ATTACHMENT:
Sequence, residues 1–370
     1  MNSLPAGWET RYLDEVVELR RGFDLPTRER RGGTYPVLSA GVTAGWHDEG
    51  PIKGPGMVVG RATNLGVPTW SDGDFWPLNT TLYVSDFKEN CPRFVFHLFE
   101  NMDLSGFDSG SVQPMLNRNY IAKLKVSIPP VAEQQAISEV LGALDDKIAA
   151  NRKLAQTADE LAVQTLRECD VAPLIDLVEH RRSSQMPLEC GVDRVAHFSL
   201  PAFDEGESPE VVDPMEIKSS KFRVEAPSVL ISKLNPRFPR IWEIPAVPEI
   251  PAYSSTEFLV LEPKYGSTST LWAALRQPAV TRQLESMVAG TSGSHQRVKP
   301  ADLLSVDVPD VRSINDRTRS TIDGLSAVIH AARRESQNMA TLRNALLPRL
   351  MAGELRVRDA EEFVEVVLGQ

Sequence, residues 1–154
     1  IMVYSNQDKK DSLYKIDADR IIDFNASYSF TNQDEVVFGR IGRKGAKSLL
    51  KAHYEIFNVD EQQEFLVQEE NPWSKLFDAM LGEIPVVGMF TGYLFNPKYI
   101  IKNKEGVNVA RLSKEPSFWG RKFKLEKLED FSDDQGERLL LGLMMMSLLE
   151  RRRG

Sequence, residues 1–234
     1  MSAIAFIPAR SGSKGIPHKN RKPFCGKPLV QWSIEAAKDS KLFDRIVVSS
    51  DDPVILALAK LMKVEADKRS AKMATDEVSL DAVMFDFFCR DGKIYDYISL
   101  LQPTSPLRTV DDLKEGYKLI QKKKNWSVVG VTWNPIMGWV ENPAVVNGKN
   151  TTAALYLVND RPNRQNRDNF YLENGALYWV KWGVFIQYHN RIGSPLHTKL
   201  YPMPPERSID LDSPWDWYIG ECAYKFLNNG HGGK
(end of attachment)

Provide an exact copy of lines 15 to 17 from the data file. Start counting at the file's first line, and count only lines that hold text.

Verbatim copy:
Sequence, residues 1–234
     1  MSAIAFIPAR SGSKGIPHKN RKPFCGKPLV QWSIEAAKDS KLFDRIVVSS
    51  DDPVILALAK LMKVEADKRS AKMATDEVSL DAVMFDFFCR DGKIYDYISL